Tyrese Maxey of the Philadelphia 76ers in the fourth quarter against...

Tyrese Maxey of the Philadelphia 76ers in the fourth quarter against the Knicks at Madison Square Garden on Sunday. Credit: Getty Images/Elsa

In the middle of the chaos, heartbreak and frustration of the Knicks' Game 5 collapse Tuesday night at Madison Square Garden, there was a single moment on TNT’s broadcast that captured it all.

Tyrese Maxey, seconds after tying the game in regulation by hitting a three-pointer from 34 feet,  celebrated wildly as he ran past Celebrity Row. A distraught-looking Ben Stiller is caught staring daggers at Maxey while comedian Tracy Morgan was seen flashing an obscene gesture at the guard.

Maxey would end up saving Philadelphia’s season for at least two more days as his 46 points included back-to-back three-pointers, the first of which he was fouled on by Mitchell Robinson for a four-point play, in the final 25.4 seconds of regulation.

That performance not only allowed the 76ers to erase a six-point lead and then go on to claim a 112-106 overtime victory that narrowed the Knicks’ lead in the series to 3-2, it also pushed Maxey — a promising young talent — onto the all-time Knicks villains list.

You know the list I’m talking about, that special list of guys that Knicks fans love to hate. To get on this list, you have to be particularly irritating like Trae Young or particularly good at causing Knicks heartbreak like Michael Jordan or that special and obnoxious combination of both like Reggie Miller.

Miller, the self-proclaimed “Knick Killer,” tortured the Knicks faithful for a good part of his 18-year career. The game that sticks out the most was his eight points in 11 seconds during Game 1 of the 1995 Eastern Conference semifinals. Miller already was hated by the fan base at the time for having thrown a choke sign at Spike Lee in the playoffs the season before.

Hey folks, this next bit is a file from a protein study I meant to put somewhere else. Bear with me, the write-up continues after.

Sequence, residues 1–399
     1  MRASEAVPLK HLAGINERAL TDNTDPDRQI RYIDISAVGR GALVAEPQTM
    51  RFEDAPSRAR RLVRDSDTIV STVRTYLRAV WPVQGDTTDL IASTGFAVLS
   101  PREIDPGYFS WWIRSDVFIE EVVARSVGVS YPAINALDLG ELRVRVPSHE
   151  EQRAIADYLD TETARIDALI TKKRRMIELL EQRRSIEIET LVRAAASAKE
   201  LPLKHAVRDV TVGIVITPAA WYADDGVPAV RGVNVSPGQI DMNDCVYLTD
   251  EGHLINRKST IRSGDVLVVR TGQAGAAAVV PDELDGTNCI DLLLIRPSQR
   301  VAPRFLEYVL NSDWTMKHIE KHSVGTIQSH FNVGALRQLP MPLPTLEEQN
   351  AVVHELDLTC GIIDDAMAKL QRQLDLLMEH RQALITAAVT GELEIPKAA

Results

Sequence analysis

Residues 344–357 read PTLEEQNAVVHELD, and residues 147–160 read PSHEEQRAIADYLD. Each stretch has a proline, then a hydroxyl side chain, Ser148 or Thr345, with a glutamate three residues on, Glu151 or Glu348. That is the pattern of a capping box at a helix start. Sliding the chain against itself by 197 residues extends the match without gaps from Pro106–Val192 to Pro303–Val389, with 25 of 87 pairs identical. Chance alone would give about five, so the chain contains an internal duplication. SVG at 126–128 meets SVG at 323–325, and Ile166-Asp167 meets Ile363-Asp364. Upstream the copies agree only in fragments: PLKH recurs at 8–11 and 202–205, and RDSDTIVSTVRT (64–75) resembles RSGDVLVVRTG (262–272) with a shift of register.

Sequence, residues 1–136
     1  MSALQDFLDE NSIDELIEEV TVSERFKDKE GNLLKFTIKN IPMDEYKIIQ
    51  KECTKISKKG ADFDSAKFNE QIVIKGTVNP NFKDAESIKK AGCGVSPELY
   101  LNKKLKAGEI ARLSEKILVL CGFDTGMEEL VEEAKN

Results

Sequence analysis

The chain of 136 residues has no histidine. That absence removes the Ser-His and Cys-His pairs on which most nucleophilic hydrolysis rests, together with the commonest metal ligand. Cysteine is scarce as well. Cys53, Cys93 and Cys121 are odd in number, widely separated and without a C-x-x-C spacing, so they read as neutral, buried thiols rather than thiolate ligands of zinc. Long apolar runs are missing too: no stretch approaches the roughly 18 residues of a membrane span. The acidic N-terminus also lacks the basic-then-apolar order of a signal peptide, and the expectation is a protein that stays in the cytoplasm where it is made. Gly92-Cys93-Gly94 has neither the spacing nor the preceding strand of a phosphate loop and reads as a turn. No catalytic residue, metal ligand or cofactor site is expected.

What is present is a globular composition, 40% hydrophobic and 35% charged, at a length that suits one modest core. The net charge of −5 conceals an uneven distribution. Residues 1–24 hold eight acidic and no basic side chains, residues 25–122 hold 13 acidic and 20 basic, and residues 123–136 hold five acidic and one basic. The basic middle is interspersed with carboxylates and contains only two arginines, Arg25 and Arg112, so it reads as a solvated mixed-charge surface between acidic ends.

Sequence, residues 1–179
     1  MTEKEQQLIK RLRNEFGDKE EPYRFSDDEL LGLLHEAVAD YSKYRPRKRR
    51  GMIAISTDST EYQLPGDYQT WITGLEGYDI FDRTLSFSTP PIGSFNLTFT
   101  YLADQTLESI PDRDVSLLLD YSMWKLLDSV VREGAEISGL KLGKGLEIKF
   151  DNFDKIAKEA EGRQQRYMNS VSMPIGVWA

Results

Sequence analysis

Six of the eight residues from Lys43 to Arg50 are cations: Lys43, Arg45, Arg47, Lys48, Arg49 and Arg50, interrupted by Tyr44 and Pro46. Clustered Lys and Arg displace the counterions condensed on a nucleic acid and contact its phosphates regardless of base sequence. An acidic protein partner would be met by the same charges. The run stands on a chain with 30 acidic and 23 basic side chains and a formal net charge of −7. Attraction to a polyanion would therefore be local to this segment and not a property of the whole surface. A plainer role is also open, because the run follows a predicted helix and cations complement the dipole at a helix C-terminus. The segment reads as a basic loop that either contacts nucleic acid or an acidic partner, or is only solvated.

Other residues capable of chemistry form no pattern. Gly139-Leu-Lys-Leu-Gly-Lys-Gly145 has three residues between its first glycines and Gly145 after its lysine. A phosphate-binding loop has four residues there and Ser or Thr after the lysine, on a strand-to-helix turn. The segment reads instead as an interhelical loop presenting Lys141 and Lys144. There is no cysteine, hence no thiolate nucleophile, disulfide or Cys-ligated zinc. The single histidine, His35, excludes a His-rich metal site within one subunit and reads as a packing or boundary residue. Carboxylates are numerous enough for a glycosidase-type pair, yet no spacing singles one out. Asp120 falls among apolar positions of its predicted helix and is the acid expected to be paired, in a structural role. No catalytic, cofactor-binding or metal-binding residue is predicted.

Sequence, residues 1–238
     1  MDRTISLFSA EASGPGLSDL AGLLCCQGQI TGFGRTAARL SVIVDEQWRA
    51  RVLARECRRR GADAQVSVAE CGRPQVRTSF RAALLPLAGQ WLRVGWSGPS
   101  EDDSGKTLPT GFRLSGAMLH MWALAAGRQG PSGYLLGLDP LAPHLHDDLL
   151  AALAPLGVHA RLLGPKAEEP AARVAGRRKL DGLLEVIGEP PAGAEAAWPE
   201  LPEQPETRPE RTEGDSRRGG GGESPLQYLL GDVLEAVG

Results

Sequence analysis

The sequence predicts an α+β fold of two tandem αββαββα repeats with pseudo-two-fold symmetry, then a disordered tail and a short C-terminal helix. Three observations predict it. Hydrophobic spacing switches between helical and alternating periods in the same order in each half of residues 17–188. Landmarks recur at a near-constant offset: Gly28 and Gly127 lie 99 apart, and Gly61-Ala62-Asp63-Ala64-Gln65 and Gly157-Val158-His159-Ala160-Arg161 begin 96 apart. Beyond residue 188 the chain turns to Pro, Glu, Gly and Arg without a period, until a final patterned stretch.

So, here’s the thing about Maxey: Unlike his teammate Joel Embiid — who has been the focus of Knicks fans' obscene chants this series — he’s kind of hard to hate. He doesn’t play rough (read dirty) like Embiid, he’s fun to watch and he’s the type of player fans would embrace if he were on the Knicks.

In fact, when Maxey had a chance to delight in the misery of Knicks fans and join the Reggie Miller club, he shrugged it off in his postgame news conference.

“Our trainer Kevin Johnson was talking about that after the game,” Maxey said of Miller’s scoring flurry 29 years ago. . “I’ll have to go back and watch it a little bit more. That was a long time ago.”

For Maxey, who was born in 2000, it certainly was.

His Game 5 performance highlights what already was an incredible series for Maxey, who with Embiid hampered by a variety of ailments, has averaged 32.4 points, 7.2 assists and 5.2 rebounds and shot 42.9%. He’s second in playoff scoring this year, behind only the Knicks’ Jalen Brunson.

The most impressive thing his Game 5 does, however, is give the Knicks a blueprint for how to approach Game 6 in Philadelphia on Thursday night. It was Maxey who missed a shot and turned the ball over in the final seconds of the Knicks' Game 2 win. And he made it clear that’s exactly what he was thinking about in the final seconds of regulation in Game 5.

"What was going through my mind was trying to survive," Maxey said. "Our season is on the line. I trust my work. I trust what I've done all my life, and I just tried to get to a spot, raise up and knock that shot down."

Make no mistake about it: The Knicks' season is basically on the line Thursday in Philadelphia. Yes, they have two more chances to get that one 'W'. But after all this Knicks team has survived this year, do they really want to be playing a Game 7 for all the marbles?

The Knicks need to erase the ugly picture of Maxey celebrating in front of Celebrity Row. They can let it define a game, but not their season. The work starts now.


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